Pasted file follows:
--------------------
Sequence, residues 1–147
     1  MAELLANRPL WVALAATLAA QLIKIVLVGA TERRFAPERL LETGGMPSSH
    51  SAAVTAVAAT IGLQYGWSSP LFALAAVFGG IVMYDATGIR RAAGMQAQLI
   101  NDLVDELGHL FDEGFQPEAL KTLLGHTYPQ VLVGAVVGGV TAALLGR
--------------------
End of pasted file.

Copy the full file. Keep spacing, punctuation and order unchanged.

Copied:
Sequence, residues 1–147
     1  MAELLANRPL WVALAATLAA QLIKIVLVGA TERRFAPERL LETGGMPSSH
    51  SAAVTAVAAT IGLQYGWSSP LFALAAVFGG IVMYDATGIR RAAGMQAQLI
   101  NDLVDELGHL FDEGFQPEAL KTLLGHTYPQ VLVGAVVGGV TAALLGR